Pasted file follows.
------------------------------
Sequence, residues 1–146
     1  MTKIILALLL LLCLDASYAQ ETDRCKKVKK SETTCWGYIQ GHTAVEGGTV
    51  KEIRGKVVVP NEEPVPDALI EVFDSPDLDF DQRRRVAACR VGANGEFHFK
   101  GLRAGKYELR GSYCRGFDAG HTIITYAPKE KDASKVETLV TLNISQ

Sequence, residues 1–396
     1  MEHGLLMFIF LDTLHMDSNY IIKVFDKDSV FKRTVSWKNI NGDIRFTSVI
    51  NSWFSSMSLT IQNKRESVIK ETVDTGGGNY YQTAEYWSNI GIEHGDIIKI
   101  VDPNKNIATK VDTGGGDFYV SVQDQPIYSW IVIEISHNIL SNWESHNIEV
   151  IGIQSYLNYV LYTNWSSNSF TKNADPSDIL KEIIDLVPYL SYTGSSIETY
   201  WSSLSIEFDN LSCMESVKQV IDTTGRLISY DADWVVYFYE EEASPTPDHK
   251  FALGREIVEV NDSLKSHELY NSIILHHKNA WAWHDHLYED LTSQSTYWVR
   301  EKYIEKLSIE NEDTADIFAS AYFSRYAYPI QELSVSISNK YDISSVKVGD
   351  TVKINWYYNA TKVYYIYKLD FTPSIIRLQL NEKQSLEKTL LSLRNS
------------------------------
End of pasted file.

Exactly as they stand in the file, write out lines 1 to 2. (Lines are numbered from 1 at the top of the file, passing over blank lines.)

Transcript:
Sequence, residues 1–146
     1  MTKIILALLL LLCLDASYAQ ETDRCKKVKK SETTCWGYIQ GHTAVEGGTV